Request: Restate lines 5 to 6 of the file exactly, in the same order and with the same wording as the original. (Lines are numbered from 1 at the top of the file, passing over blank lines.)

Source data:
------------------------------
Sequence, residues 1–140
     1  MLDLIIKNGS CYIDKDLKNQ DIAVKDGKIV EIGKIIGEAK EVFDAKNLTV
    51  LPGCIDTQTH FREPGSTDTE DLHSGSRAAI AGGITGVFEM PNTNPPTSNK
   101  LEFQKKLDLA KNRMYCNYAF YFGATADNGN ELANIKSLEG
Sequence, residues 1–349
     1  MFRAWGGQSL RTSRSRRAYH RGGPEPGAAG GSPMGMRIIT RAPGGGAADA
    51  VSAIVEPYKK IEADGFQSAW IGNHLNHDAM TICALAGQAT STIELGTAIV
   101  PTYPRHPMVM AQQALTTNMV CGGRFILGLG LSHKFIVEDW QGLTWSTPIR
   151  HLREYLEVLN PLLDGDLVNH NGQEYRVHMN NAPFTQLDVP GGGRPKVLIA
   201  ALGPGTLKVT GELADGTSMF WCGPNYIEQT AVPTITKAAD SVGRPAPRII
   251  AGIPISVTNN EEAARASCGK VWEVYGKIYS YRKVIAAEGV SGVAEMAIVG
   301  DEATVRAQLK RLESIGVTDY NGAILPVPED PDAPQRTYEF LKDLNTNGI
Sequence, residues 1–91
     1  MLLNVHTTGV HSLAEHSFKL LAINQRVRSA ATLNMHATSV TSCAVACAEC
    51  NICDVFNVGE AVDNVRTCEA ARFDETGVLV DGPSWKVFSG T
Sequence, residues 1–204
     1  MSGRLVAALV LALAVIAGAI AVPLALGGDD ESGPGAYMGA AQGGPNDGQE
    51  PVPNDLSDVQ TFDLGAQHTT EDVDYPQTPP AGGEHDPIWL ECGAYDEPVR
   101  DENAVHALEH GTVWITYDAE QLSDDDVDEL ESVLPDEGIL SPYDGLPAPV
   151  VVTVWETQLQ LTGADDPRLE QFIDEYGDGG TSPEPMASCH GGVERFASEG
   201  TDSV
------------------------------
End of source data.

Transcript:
Sequence, residues 1–349
     1  MFRAWGGQSL RTSRSRRAYH RGGPEPGAAG GSPMGMRIIT RAPGGGAADA